About a week ago I was at IKEA with my wife and kids, and I realized something about myself. I have gotten to the point in my psoriasis journey where I don’t think about my skin in public settings anymore. The only time it reclaims my attention is when I catch someone staring, but even then I refuse to let it bother me. WHY HIDE?! It would be like hiding myself from the world, hiding who I truly am. I am not saying that my psoriasis is “who I am”, but it is a major characteristic of mine, like a piercing or a tattoo. It determines what a person’s first impression of me is. It is also my responsibility as someone with this disease to educate people who may not know what it is, and I can’t do that if I’m trying to hide.
Being scared of being seen with psoriasis
Unfortunately, there are a lot of people out there with psoriasis who are so scared of being seen, that they do anything they can to hide it from everyone. This used to be me. In fact, this was me just a few years ago. I would wear long sleeves during the summer, even if it was 90 plus degrees outside. I was totally miserable in public places. I was caught up in this isolation, this silence. I didn’t want to speak up, because in my mind no one could possibly understand what I was going through. But here is the thing: I was cheating myself. What didn’t occur to me at the time was that I was also cheating those people as well.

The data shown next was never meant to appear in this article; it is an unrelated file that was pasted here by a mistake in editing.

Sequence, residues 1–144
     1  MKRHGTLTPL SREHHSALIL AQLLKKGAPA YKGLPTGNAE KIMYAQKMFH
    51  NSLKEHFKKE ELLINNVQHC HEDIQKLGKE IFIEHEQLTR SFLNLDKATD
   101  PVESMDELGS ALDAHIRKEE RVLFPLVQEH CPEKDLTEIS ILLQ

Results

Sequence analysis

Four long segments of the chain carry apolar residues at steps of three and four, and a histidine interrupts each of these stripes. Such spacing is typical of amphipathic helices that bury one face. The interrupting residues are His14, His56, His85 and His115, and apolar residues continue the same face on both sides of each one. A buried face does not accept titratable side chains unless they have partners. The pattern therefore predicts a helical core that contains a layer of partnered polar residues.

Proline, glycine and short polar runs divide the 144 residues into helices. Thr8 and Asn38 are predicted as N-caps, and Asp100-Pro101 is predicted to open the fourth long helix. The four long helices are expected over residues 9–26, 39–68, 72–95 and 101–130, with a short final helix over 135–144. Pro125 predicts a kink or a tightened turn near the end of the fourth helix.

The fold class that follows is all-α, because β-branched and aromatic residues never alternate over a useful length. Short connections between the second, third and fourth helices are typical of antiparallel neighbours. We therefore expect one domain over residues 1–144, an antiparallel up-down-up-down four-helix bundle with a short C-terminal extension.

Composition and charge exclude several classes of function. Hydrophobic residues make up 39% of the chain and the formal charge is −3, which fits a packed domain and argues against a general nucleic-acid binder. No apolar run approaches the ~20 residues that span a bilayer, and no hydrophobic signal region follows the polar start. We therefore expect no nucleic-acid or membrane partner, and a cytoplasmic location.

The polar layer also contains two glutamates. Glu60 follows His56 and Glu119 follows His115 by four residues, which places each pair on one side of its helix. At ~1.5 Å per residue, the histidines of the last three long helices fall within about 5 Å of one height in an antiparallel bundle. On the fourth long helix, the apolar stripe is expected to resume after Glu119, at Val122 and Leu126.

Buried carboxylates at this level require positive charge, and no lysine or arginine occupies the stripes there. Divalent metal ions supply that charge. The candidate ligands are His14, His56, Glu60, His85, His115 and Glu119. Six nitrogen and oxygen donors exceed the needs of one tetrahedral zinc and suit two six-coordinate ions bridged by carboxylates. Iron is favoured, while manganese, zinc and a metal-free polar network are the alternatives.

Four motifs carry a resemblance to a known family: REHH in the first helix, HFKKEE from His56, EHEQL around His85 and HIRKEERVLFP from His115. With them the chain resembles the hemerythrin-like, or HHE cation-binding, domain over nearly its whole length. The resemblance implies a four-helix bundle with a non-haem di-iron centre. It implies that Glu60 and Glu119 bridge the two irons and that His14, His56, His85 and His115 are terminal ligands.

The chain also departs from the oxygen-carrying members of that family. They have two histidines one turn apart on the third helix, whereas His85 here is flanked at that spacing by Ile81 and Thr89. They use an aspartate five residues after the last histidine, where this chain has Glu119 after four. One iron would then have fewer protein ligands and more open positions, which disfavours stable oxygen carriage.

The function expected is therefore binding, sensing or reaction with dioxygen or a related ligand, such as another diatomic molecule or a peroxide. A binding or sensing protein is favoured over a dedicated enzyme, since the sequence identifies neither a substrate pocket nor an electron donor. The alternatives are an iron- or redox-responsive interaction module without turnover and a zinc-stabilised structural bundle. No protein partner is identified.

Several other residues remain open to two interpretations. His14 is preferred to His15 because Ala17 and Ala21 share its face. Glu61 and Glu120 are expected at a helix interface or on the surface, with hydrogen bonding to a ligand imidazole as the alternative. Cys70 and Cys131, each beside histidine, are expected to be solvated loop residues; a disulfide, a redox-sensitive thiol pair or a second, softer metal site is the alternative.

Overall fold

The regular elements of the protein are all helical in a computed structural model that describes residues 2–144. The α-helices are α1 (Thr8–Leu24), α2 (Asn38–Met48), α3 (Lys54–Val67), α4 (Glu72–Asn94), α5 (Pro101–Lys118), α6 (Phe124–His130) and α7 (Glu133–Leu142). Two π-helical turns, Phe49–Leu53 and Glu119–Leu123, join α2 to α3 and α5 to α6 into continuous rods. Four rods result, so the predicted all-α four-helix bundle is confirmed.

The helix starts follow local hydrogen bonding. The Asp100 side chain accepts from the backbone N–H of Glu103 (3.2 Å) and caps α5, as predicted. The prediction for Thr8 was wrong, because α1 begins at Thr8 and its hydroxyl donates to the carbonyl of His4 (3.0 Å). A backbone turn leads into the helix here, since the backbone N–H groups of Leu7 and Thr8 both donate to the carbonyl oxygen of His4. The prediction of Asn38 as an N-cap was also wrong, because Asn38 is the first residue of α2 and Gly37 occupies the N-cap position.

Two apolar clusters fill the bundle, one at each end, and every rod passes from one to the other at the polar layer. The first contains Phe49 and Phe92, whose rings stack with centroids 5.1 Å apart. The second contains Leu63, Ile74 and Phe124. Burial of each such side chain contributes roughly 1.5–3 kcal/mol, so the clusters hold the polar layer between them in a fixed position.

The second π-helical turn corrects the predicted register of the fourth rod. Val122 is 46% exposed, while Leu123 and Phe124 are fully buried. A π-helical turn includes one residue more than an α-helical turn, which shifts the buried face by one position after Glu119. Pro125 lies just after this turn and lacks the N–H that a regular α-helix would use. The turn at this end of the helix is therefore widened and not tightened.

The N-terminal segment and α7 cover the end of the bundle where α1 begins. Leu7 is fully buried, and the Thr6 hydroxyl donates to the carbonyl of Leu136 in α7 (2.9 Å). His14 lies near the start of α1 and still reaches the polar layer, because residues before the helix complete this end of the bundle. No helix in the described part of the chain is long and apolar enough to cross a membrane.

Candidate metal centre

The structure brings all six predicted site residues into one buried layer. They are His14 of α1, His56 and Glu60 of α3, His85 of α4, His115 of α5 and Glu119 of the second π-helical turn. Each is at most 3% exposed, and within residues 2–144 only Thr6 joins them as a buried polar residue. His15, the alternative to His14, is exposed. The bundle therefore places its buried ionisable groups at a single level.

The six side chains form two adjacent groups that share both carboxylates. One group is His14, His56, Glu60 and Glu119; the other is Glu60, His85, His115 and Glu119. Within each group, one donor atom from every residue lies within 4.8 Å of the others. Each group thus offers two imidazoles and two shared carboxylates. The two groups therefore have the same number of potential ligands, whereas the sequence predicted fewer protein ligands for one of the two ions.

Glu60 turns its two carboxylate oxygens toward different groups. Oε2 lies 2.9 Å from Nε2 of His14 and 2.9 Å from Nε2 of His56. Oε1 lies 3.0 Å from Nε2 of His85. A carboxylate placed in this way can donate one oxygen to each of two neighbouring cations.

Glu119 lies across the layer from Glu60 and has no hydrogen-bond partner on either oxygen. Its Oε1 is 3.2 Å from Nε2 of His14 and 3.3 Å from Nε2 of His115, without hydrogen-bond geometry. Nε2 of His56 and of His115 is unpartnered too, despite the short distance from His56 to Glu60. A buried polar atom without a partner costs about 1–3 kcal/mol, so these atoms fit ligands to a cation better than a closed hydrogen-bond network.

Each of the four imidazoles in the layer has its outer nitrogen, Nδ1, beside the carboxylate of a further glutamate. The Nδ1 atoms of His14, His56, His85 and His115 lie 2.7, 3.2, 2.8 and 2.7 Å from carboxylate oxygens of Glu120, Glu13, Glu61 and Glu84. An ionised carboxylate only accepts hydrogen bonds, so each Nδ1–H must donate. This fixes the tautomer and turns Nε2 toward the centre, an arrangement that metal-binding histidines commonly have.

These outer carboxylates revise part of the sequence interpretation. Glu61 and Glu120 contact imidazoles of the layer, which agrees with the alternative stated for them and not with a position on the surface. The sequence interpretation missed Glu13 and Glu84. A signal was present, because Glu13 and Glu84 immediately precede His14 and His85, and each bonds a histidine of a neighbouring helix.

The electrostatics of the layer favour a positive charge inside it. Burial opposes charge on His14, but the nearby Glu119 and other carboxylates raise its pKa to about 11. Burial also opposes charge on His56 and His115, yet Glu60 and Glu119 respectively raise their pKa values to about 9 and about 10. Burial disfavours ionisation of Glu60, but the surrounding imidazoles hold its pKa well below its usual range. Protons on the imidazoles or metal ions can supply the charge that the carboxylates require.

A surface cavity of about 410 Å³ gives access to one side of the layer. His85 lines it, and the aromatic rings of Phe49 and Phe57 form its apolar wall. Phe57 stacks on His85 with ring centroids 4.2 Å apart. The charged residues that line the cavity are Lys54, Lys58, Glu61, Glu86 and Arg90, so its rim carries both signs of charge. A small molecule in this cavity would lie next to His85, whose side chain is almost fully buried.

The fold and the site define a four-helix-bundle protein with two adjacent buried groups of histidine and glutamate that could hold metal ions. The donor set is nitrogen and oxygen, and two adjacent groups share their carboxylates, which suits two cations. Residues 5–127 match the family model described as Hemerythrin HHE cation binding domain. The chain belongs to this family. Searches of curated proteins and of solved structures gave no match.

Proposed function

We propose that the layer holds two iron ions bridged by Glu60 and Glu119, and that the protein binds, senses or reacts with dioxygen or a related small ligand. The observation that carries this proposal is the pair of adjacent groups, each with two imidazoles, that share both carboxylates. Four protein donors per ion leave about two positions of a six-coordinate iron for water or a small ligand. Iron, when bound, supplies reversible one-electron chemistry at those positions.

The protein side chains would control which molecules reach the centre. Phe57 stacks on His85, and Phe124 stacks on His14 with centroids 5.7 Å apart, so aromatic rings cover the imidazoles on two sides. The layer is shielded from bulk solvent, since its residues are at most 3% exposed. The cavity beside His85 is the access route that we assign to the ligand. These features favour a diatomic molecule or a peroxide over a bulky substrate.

Being open to talking about my psoriasis
Because I was hiding my condition from the world, I wasn’t giving people the opportunity to ask questions. I’ve come to realize that questions aren’t a bad thing. A decade ago I found questions to be insulting because I thought they were judging me. I made the conscious decision to change my perspective. Someone who is asking may be genuinely curious about it. I chose to assume the best in people instead of the worst because I wanted to be more open to speaking positively about my disease. For all I knew, this person had someone in their life who has psoriasis and they want to talk someone about it.
Dealing with rude comments and questions
People who ask questions aren’t automatically mean, but don’t get me wrong I have dealt with my fair share of jerks too. Those mean questions come up time to time, and I have found appropriate ways of dealing with that, which includes staying confident. Being ashamed of my plaques will only reinforce that it is something that is “gross” or “bad”. Talking clinically about my disease and responding with facts instead of fighting fire with fire usually diffuses the situation. People that ask the mean questions and make rude comments usually don’t know anything about psoriasis.
I hope this was helpful to anyone who still feels the need to hide their psoriasis from the world. I also hope that you can find the courage to put yourself out there and educate those who may just want to know. Don’t hide, you are worth being seen.
How often do you experience brain fog?